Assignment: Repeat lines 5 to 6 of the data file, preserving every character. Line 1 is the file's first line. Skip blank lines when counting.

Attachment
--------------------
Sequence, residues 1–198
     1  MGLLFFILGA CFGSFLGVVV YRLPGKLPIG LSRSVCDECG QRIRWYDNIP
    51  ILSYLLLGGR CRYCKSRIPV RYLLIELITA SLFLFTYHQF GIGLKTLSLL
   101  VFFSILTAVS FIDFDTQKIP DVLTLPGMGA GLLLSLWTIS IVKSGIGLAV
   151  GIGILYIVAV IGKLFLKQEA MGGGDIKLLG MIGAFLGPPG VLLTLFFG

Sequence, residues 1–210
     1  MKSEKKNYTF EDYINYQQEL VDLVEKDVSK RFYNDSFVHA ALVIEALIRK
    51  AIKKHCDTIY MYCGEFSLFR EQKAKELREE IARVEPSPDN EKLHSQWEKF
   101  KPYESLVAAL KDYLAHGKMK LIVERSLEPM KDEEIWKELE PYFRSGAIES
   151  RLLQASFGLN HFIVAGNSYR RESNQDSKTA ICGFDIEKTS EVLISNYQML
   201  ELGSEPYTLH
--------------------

   151  GIGILYIVAV IGKLFLKQEA MGGGDIKLLG MIGAFLGPPG VLLTLFFG

Sequence, residues 1–210